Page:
Walking through this large military compound, one could not help but stare at the Military School – the “Idadie”. Built in 1848, then converted into a military academy – “Harabie” in 1900, and later in 1909 into a high military school, it was the pearl and the mainstay of this urban complex. With its dimensions of about 700 square meters, this monumental building is a reflection of the construction achievements at that time and it is the only historical building of this type in Macedonia.
The military school was one of the educational centers of the political and military leadership of Turkey. The father of modern Turkey and its first president Kemal Ataturk and Niyazi Bey one of the leaders of the Young Turk Revolution in 1908, passed through its doors and left its doorsteps with a diploma in hand and the rich Monastir culture in the heart. One would not have to stray far to draw the conclusion that even the ideals of modern Turkey were set on the foundations of Monastir’s cosmopolitan way of life.
Many graduates also worked as professors after graduation. One of them is the famous Tefik Bey, who later wrote the book “History of the city of Bitola”. The book captures the history of the city which after the end of its golden days and the fall of the Turkish Empire, transformed from Monastir into Bitola and the Turkish military school became an ordinary military barracks, today known to the elderly as the “Old Barracks”.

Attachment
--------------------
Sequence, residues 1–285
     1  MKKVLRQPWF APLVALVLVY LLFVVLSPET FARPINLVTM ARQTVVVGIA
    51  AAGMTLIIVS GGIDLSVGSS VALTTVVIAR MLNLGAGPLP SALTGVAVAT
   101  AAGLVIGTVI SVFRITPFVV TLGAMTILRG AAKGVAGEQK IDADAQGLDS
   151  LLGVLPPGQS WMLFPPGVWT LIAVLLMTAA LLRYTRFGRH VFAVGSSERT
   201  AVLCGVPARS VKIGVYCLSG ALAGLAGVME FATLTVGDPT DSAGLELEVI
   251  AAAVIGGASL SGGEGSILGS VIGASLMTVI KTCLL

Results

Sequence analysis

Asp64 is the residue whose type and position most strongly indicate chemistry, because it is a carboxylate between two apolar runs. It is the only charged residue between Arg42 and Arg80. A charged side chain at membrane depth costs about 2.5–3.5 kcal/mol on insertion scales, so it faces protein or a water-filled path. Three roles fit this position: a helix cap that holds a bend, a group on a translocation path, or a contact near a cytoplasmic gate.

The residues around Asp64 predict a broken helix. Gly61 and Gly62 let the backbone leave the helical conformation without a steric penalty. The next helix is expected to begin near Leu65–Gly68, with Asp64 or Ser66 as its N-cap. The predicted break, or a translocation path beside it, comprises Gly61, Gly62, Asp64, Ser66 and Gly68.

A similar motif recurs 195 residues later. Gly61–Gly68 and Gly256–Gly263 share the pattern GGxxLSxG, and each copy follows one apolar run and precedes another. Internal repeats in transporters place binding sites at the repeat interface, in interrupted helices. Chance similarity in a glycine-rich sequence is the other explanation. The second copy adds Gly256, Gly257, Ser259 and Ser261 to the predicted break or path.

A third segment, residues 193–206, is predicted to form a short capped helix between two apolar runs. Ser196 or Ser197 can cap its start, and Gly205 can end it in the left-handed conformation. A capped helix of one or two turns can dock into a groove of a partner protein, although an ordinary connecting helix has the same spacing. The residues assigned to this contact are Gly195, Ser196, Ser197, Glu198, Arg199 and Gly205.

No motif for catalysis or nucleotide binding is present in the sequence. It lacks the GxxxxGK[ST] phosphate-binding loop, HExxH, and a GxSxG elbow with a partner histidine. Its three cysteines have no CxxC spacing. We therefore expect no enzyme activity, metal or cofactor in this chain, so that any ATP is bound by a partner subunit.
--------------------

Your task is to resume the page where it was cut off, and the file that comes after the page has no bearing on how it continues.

This was the case until 1976, when Bitola Museum was housed in its premises, and the building of the “Old Barracks” was adapted into an eternal memory of the famous city of Monastir and its rich cultural heritage. A memory that has immortalized thousands years of history, including the time when Monastir could be envied by big world capitals. Currently, Bitola Museum is home to more than 100,000 artifacts, from prehistoric to modern times and it also houses a memorial room dedicated to the life and works of Mustafa Kemal Ataturk. This building is a true requiem for the glorious past of a city and its surroundings.XXXXXXXXXXXXXXXXX